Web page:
Although we had moved away, Bill and I kept returning to Tupelo.  We had two older sisters who lived there, and we spent all our summers with them -- sleeping at one or the other sister’s house, but spending every waking moment hanging out with the guys, piling six or seven boys at a time into somebody’s souped-up convertible and cruising between Dudie’s Diner and the Dairy Bar looking for girls.  My best friends then were Jackie Phipps and Johnny Evans.  The last I heard, Jackie was running a hair salon in Tupelo, and I have no idea whatever became of Johnny.  When we were teenage terrors cruising the streets of Tupelo -- this would have been in the late ‘50s and early ‘60s -- Elvis was still alive.  And it seemed like everybody in town knew him.  Everybody had an Elvis tale to tell, and I suspect most of them were made up.  True or not, there’s a scene in my book that takes place at an Elvis Presley concert, and everybody in the audience is swapping Elvis stories -- all the stories I heard back then.  The only Elvis story I can swear to is one I heard from my sister.  She and Elvis were classmates at Milam Junior High.  One day she came home from school and Mother asked her, “What happened in school today, Linda?” and she answered, “Oh, nothing.  Elvis brought his guitar again.”  Seems she didn’t think much of him and his guitar.          

As an adult, Linda lived in a little house in Willis Heights.  Across the street was a Civil War memorial -- a cannon, if memory serves me right.  If I’m wrong ... well, it’s a cannon now.  And in my book it serves as a symbol of the domestic war between two of the characters who lived in the house where my sister once lived.  

Looking back, I realize that I lived a privileged life.  We had a big house, two or three cars, and a boat house up on Pickwick Reservoir.  It seemed that everyone in town knew us and liked us.  It was an idyllic life.  I can’t recall a single bad memory of Tupelo.  Yet I now know that there was a whole other part of town that I knew nothing of.  There was a large population of black people, but we were segregated to such an extent that they may have well lived in another country.  The only black person I knew back then was our maid, Christine.  I never even knew her last name.  Racism was the dark underbelly to the idyllic Tupelo of memory, but I was too young to be aware of that dark underbelly then.  It would not be long, however, before I would begin to discover it.  

During my senior year in high school in Hattiesburg, there came a day when some sixty or seventy students marched around the campus as if at a pep rally chanting “Two, four, six eight.  We will never integrate.”  In that same year, a black man attempted to register as a student at the University of Southern Mississippi.  Some local citizens planted stolen chickens in his car and he was arrested for chicken stealing.  And he was incarcerated at the state insane asylum at Whitfield.  The standing joke was that he was obviously crazy because any nigger who thought he could go to school there had to be insane.  A favorite pastime among the boys at school was making fun of blacks in their seemingly hopeless attempts to win civil rights.  Another favorite pastime was making fun of homosexuals.  Sometimes it went far beyond joking.  Some of the guys on the football team bragged about what they called rolling queers, which meant enticing gay people into something like a dark alley, beating them up and taking their money.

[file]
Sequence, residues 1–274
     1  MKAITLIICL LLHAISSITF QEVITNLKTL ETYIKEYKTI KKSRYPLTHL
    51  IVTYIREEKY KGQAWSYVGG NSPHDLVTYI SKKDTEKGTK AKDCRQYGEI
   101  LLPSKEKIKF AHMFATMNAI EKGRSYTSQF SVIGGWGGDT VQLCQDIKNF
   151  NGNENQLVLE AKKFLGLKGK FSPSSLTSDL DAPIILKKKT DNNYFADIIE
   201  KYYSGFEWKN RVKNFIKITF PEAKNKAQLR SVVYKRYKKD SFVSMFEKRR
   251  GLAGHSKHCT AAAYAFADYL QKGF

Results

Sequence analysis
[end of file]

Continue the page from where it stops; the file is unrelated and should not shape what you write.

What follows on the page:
I bring up these dark images of bigotry because they are the other side of the coin of memory.  In the book I have attempted to weave together the dark and the light into a single tapestry that hopefully paints a true picture of a time and a place in all its complexity.  

It took me almost fifteen years to write this book, although for many of those years it sat on a shelf while I did other things.  After I had finished the first draft, I had an opportunity to visit Tupelo, which gave me a wonderful opportunity to see if some of the scenes I had described were really the way I remembered them, and to show off to my wife that wonderful old house I had grown up in.  The occasion was an exhibition of my paintings at Itawamba Junior College.  I got to meet two old friends whom I hadn’t seen in more than thirty years: Ke Francis and Lynn Long, both fellow artists. As expected, some things were still exactly as I remembered them, and others had changed beyond belief or had vanished completely.  Dudie’s Diner was still there, but the Dairy Bar had been torn down and replaced with a Kentucky Fried Chicken.  I’ve heard that Dudie’s has since gone away. That’s a shame.  It was the coolest place.  You could get bite-size hamburgers for ten cents.  It would take about a dollars worth to fill you up.  

The town had grown so much I could hardly recognize it.  All the stores and houses were smaller and closer together.  That wonderful old swimming pool was no longer in use.  Willis Heights, which had been another town, was now simply down the street.  Mike’s Restaurant, where we had eaten many a family meal, was no longer there, but I heard that Mike’s son Connie had opened a fried chicken restaurant.  But most devastating of all, the house I had loved so much as a child was a parking lot for the state employment office.  

Thomas Wolfe said you can’t go home again.  In many ways he was probably right.  But you know what?  I was able to go home again when I wrote Until the Dawn, and there is a family in that book who will always live in that big old house on Magazine Street.


Alec Clayton is a displaced Mississippian, now living in the Pacific Northwest.  He is an artist and writer as well as a former newspaper and literary journal publisher.  Clayton's current novel is Until the Dawn.
 

© 2000, Alec Clayton, All Rights Reserved